Variations in O2 levels in soils as may occur with changes in rainfall affect the reactivity of iron in soils. As soil iron impacts the breakdown of organic matter, this affects how soils breathe.
Fe oxyhydroxides play a critical role in soils through their role as structural entities, their high sorption capacity, their role as terminal electron acceptors in the respiration of organic matter, as well as their potential to affect the reactivity of that organic matter. In soils that undergo repeated fluctuations in O2 concentrations, soil iron undergoes transformations between reduced and oxidized forms. The rate of Fe(II) oxidation can govern the nature of Fe(III) oxyhydroxides formed, and hence can affect rates of OC mineralization under suboxic conditions. But it remains unclear if this same behavior occurs in soils, where Fe(II) is mainly present as surface complexes.
We documented the impact of such redox oscillations on iron cycling through targeted experiments, in which the magnitude and frequency of redox oscillations were varied systematically on soils from the Luquillo Critical Zone Observatory, Puerto Rico. Our observations demonstrated that higher O2 concentrations led to a faster Fe(II) oxidation and resulted in less crystalline Fe(III)-oxyhydroxides than lower O2 concentrations. We further studied the dynamics of iron phases by amending soil slurries with isotopically-labeled 57Fe(II) and developed a numerical model to quantify the individual processes. Our model showed a higher rate of Fe(III) reduction and increased sorption capacity following the oxidation of Fe(II) at high O2 levels than at low O2 levels, and revealed rapid Fe atom exchange between solution and solid phase. Concurrent measurements of CO2 in our oscillation experiments further illustrated the importance O2 fluctuations on coupled Fe-C dynamics.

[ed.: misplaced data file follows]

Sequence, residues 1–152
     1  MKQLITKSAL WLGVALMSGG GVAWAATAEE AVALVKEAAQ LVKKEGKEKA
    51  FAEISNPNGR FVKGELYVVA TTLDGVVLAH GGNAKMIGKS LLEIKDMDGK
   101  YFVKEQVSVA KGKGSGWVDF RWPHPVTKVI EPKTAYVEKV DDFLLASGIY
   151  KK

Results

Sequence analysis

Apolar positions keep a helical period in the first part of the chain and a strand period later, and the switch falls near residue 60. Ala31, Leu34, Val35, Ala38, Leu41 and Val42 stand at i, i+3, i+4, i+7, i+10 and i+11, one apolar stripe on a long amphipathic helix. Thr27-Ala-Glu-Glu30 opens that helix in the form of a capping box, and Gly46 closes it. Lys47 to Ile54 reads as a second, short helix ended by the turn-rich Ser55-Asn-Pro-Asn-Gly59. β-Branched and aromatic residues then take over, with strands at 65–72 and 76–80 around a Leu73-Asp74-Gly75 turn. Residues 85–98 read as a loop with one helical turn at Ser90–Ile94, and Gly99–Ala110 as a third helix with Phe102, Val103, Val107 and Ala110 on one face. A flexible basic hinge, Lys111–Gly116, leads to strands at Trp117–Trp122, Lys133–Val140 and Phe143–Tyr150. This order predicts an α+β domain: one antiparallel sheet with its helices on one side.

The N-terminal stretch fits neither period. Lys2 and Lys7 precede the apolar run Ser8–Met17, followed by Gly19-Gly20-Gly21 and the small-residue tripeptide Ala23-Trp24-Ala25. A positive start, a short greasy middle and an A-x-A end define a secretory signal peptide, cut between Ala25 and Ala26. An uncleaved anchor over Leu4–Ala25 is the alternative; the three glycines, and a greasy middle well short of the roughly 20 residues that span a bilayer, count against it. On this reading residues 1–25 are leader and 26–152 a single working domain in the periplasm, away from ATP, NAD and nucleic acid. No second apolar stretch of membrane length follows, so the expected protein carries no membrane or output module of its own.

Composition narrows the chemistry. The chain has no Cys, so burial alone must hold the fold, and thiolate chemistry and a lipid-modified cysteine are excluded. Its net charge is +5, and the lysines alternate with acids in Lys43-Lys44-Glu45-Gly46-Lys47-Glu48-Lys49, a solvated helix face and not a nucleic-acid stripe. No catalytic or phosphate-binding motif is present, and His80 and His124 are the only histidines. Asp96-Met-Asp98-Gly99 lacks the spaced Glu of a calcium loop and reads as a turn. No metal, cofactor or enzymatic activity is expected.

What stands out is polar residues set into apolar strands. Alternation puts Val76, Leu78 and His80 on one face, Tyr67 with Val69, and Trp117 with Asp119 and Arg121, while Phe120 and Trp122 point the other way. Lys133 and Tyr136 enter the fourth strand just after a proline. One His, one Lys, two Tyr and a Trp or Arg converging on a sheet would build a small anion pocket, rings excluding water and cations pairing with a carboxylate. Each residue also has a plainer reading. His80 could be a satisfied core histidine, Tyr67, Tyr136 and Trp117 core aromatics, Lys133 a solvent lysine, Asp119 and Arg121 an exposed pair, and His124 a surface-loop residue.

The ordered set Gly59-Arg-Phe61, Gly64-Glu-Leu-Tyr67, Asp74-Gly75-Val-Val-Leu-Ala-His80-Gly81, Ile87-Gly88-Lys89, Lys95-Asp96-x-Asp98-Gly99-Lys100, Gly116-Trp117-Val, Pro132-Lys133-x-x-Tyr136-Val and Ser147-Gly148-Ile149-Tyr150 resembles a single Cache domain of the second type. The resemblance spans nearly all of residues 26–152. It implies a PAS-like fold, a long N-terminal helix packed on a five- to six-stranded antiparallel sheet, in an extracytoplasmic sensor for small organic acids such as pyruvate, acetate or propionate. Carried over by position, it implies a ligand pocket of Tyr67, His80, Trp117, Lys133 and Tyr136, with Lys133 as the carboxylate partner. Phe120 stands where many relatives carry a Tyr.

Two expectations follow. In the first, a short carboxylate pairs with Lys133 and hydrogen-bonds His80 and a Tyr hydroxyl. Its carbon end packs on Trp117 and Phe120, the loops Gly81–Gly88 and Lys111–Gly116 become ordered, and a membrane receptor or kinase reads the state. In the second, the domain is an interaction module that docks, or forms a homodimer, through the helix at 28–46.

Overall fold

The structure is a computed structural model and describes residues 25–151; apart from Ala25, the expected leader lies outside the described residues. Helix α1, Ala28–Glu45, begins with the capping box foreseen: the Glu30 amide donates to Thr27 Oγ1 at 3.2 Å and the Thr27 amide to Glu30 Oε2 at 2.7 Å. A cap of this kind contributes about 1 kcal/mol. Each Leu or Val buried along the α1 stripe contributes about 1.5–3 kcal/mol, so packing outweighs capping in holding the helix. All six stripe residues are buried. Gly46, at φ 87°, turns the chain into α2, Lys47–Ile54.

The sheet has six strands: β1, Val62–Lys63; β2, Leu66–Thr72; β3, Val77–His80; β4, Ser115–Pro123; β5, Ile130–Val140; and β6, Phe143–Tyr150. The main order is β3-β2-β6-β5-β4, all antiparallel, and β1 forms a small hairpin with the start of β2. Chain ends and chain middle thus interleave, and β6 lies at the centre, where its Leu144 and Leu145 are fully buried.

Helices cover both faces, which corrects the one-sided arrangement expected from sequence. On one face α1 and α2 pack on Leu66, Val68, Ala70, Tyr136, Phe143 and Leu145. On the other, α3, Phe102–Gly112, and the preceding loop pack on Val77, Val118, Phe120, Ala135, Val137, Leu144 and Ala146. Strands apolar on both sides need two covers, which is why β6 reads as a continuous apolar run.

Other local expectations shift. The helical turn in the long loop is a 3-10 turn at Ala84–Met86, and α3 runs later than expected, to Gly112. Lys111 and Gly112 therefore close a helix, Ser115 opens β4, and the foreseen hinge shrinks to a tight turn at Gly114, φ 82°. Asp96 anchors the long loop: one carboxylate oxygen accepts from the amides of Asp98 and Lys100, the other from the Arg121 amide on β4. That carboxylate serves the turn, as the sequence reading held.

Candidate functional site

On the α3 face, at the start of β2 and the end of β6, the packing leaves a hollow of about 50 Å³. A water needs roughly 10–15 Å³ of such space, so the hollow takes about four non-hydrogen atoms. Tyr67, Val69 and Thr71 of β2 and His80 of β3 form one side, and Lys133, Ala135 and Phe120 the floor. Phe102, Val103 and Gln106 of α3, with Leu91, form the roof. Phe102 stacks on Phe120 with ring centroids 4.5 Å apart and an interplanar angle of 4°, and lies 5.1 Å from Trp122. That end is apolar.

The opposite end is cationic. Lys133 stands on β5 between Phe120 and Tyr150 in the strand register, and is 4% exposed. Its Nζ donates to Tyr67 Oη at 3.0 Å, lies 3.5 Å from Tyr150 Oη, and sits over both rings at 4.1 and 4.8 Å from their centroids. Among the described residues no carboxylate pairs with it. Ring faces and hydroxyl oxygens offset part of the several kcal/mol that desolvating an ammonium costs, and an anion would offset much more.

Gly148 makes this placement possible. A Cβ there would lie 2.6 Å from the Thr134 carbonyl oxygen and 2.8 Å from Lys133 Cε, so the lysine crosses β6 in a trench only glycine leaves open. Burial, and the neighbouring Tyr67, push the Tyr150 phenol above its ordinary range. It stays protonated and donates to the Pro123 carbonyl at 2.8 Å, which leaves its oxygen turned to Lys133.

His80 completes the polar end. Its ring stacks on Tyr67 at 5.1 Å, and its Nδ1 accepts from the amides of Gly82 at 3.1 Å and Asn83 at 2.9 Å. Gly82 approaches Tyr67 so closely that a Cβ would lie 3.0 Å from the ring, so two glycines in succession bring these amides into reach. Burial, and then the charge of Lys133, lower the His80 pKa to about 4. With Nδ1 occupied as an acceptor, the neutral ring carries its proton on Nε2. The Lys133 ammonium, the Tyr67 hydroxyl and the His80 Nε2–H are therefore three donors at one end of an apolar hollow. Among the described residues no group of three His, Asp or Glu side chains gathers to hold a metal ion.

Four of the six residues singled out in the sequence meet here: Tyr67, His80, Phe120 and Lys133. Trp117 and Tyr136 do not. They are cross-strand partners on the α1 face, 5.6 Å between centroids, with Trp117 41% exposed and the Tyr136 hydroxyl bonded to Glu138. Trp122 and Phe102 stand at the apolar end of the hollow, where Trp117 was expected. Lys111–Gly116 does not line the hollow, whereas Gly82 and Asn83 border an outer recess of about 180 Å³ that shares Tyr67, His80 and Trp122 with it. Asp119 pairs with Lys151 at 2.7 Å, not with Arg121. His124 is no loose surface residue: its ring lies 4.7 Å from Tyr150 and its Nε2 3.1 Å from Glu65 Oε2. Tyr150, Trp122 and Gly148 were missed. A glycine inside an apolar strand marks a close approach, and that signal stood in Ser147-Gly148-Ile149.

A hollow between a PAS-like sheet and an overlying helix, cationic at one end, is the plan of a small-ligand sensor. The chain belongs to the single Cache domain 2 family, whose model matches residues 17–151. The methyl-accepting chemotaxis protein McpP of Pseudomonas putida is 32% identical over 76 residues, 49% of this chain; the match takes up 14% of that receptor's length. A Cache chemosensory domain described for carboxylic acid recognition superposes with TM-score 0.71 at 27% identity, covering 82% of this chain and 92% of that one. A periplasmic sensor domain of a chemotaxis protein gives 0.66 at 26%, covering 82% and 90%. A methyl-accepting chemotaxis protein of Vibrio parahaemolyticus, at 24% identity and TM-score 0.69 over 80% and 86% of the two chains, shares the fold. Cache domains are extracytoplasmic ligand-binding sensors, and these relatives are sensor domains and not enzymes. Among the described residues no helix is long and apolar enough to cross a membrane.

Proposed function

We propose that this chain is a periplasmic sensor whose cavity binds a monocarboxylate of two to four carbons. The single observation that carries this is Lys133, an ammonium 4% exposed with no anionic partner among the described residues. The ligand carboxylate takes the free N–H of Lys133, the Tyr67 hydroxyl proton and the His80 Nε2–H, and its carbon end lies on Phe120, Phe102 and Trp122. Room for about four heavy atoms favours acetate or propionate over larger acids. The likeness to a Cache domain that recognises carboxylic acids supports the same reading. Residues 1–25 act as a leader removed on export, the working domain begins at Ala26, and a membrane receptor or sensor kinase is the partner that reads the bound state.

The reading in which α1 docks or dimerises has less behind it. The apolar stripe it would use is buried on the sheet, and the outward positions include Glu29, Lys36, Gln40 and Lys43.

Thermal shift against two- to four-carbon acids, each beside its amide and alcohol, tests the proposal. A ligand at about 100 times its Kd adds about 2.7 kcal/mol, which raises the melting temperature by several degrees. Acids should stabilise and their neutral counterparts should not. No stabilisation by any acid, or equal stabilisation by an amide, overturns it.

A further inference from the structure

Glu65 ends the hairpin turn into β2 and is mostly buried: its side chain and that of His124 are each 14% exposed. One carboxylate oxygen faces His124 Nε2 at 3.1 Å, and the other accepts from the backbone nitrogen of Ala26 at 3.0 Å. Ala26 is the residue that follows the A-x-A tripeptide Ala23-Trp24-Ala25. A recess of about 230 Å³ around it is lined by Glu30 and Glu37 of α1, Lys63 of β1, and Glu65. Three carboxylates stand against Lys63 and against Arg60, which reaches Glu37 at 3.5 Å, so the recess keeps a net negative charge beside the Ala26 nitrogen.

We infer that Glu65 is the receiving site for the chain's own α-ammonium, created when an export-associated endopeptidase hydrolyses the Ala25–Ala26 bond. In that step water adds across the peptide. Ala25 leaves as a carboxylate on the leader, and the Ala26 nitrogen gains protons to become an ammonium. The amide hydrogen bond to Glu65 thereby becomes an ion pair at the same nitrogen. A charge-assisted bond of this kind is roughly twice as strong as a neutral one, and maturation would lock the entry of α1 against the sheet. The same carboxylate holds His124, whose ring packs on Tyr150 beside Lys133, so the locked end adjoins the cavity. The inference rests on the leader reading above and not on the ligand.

Meile, Christof D, Chunmei Chen, Diego Barcellos, Jared Wilmoth, Aaron Thompson (2017): Iron cycling under oscillatory redox conditions: from observations to processes (Invited). American Geophysical Union 2017 Fall Meeting, New Orleans, Louisiana, 11-15 December 2017.
This Paper/Book acknowledges NSF CZO grant support.